Notes: Abstract The eye of the marine mollusk Aplysia californica contains an oscillator that drives a circadian rhythm of spontaneous compound action potentials in the optic nerve. Both light and serotonin are known to influence the phase of this ocular rhythm. The aim of the present study was to evaluate the role of extracellular calcium in both light and serotonin-mediated phase shifts. Low calcium treatments were found to cause phase shifts which resembled those produced by the transmitter serotonin. However, unlike serotonin, low calcium neither increased ocular cAMP levels nor could these phase shifts be prevented by increasing extracellular potassium concentration. Low calcium-induced phase shifts were prevented by the simultaneous application of the translational inhibitor anisomycin and low calcium treatment resulted in changes in [35S]methionine incorporation into several proteins as measured by a two-dimensional electrophoresis gel analysis. Finally, light treatments failed to produce phase shifts in the presence of low calcium or the calcium channel antagonist nickel chloride. These results are consistent with a model in which serotonin phase shifts the ocular pacemaker by decreasing a transmembrane calcium flux through membrane hyperpolarization while light-induced phase shifts are mediated by an increase in calcium flux.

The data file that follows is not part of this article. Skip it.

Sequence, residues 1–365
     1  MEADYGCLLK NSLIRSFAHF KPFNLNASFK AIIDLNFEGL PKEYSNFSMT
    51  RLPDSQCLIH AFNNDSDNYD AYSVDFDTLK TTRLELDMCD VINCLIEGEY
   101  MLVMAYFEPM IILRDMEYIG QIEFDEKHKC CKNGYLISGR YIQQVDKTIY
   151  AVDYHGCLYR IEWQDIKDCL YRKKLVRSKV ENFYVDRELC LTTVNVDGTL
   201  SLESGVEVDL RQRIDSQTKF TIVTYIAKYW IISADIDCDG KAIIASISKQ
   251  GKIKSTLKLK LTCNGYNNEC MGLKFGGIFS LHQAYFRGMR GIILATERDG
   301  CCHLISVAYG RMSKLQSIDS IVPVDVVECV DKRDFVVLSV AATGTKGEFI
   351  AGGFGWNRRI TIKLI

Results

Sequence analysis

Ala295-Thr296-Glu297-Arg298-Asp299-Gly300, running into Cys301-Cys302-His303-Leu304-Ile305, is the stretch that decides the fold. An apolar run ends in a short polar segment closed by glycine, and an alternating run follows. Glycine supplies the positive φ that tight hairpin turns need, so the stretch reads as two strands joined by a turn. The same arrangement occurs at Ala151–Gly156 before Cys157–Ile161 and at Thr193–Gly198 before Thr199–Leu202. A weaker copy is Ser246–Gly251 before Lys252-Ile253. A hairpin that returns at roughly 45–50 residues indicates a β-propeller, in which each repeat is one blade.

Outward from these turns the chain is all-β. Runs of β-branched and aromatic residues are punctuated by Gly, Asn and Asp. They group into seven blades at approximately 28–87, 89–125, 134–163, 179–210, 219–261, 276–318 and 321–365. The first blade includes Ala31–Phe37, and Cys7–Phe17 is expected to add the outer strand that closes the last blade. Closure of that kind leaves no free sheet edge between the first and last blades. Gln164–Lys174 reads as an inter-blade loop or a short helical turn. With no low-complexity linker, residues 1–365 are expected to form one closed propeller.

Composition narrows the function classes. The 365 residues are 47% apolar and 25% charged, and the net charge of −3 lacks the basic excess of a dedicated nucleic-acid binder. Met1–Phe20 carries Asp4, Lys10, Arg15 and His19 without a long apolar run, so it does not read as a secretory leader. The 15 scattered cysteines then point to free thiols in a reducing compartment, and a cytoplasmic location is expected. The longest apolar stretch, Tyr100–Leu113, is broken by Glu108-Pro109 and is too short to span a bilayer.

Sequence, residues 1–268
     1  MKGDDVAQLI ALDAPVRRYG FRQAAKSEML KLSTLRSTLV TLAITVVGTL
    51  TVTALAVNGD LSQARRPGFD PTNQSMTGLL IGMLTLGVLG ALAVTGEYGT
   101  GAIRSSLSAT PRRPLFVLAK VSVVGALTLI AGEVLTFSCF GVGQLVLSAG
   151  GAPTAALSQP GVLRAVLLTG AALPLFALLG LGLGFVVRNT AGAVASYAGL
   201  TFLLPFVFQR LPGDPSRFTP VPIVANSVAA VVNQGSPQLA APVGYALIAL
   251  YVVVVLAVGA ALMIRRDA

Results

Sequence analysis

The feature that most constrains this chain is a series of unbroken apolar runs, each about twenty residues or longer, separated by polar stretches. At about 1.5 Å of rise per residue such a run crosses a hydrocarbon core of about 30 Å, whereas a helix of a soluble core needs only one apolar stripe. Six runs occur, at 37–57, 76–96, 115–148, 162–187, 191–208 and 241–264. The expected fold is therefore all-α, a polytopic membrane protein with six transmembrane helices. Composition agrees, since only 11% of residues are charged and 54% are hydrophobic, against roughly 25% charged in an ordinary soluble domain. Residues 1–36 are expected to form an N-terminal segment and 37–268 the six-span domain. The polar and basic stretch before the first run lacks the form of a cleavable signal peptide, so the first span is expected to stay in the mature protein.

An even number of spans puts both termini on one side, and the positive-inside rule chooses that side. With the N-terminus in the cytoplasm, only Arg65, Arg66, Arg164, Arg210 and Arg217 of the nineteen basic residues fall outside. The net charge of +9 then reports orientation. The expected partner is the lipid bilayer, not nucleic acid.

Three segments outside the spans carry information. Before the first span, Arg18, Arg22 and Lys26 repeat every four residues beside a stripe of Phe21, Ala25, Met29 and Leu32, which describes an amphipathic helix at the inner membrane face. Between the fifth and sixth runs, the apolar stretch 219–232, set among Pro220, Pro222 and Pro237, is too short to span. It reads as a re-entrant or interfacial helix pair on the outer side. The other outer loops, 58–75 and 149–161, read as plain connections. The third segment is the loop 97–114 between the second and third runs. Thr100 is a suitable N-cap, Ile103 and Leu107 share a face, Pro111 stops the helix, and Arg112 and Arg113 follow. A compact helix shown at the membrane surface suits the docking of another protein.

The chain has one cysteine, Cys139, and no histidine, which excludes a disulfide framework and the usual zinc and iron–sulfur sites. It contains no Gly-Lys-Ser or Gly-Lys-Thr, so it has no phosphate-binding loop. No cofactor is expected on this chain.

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  • 4
    ISSN: 1432-1912
    Keywords: Px purinoceptors ; Calcium ; Magnesium ; Zinc ; Rat vas deferens ; α,β-methyleneATP binding
    Source: Springer Online Journal Archives 1860-2000
    Topics: Medicine